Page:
Freeport Indonesia mine clashes leave protester dead
One protester was killed as Indonesian police fired shots amid clashes with striking workers from Papua's Freeport-McMoran mine, union officials said.
Thousands of workers at the remote gold and copper mine have been on strike since 15 September, demanding better wages.
A union official said the firing began when strikers tried to stop replacement workers heading to the mine.
Police said they responded with warning shots after being pelted with stones.
Reports said more than 1,000 workers were involved in the clashes.
A union official, Mesakh Sinere, told the BBC one protestor died from gunshot wounds to his chest.
A police spokesman said seven officers were injured, and a hospital doctor said six protesters had been wounded.
Freeport accused the strikers of trying to intimidate replacement workers and said they should be held accountable.
"We are continuing to work with the local police to deal with these acts of intimidation so that our workers located in Timika can exercise their rights to return to work if they so desire," it said in a statement.
The mine is one of the world's largest gold and copper producers. Since the strike began - the second this year - production has been hit hard.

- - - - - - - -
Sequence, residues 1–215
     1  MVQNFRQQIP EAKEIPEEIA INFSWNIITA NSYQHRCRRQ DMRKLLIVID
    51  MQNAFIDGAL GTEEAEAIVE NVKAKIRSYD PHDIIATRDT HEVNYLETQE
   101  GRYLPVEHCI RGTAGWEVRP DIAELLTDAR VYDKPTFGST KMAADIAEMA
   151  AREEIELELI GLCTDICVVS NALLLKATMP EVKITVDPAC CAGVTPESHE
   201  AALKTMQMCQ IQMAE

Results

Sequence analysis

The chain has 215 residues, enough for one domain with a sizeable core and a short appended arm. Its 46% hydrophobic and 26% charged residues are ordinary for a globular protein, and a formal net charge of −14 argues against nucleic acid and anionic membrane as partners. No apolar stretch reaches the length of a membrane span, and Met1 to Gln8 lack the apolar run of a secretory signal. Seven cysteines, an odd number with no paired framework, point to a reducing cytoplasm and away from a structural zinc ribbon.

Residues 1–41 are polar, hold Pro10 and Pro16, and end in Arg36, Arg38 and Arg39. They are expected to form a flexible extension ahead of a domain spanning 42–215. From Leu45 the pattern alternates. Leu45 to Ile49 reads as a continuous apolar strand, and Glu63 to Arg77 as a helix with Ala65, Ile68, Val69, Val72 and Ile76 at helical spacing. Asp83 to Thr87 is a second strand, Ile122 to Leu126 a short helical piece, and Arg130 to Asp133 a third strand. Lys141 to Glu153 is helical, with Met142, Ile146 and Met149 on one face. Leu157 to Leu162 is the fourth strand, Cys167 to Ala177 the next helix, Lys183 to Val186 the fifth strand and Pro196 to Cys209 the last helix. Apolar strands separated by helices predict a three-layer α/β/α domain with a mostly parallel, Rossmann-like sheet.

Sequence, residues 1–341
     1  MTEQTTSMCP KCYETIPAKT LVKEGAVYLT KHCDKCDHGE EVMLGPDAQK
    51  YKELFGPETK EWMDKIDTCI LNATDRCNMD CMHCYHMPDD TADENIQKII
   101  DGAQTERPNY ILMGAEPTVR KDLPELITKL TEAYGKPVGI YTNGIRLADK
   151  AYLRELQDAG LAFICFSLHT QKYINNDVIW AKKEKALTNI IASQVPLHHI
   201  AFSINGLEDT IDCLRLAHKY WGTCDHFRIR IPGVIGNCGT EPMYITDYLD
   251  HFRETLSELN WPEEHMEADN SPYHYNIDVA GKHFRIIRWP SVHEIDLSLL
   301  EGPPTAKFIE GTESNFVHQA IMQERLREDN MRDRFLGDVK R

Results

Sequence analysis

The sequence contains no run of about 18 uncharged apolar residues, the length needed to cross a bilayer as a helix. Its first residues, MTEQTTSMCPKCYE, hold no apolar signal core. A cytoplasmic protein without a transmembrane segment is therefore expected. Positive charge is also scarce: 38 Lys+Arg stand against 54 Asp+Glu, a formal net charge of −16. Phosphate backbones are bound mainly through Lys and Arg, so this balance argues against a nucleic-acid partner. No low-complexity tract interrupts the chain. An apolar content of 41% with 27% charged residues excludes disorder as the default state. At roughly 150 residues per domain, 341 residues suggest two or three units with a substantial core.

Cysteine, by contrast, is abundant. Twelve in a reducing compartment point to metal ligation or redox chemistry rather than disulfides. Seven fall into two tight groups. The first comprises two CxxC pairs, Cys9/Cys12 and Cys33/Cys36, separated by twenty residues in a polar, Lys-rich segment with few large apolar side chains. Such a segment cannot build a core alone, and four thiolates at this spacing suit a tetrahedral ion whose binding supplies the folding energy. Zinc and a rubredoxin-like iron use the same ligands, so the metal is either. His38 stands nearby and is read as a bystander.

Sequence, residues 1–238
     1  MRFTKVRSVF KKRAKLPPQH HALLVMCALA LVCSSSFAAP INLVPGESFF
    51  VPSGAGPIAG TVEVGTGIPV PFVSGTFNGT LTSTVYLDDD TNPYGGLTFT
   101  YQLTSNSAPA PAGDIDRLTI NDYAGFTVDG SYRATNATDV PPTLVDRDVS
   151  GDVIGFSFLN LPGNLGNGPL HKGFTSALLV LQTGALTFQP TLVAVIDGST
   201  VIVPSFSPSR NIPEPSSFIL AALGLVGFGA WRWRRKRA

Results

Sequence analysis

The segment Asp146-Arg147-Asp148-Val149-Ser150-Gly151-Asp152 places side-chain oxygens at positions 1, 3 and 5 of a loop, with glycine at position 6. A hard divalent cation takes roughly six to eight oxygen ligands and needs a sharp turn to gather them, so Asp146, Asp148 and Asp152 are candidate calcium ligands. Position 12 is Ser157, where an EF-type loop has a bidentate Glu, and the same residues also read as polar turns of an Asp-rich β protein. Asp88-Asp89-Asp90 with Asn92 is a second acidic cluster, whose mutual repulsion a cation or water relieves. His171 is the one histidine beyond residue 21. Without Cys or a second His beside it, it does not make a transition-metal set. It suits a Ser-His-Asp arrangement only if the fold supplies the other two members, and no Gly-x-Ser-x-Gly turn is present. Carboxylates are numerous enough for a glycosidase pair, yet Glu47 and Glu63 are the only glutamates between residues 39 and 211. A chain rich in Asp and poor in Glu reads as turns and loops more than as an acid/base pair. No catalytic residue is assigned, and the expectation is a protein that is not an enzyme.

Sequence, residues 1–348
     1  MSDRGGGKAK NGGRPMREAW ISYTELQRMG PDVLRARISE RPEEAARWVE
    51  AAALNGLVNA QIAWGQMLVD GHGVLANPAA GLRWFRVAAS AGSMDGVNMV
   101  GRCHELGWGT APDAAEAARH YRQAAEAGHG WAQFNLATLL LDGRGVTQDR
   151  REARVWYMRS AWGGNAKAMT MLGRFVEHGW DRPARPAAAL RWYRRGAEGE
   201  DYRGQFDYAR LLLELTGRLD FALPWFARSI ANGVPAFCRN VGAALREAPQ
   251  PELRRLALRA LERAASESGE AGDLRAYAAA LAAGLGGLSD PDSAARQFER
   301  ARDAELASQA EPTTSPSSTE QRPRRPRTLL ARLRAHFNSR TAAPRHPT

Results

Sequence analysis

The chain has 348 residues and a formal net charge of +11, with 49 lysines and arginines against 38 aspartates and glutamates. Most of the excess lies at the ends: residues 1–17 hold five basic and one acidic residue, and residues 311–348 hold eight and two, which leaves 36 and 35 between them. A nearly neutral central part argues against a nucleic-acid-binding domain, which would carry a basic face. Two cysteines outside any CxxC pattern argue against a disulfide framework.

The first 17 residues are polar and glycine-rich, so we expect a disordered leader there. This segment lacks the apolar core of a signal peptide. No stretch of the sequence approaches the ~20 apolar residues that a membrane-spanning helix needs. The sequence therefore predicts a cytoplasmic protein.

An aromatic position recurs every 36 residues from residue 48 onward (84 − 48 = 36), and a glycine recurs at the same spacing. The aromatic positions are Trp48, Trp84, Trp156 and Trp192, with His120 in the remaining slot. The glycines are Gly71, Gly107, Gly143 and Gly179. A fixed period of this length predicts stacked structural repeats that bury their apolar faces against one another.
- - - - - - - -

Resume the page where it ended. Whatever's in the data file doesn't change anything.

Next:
Indonesian staff at Freeport say they are striking because they want higher salaries, to match those of their counterparts in other parts of Freeport's operations around the world.
The workers want at least a five-fold increase in their current salary of about $3 (£1.90) an hour.
Rights groups have often accused Freeport of stripping Papua of its rich natural resources, without returning anything to the local community, reports the BBC's Karishma Vaswani in Jakarta.
But the American mining giant maintains that it is one of the largest employers in Papua, and without the jobs the mine provides, many Papuans would be far worse off than they are.
Freeport is one of the biggest foreign investors in Indonesia and pays millions of dollars in tax revenues to the central government every year, our correspondent adds.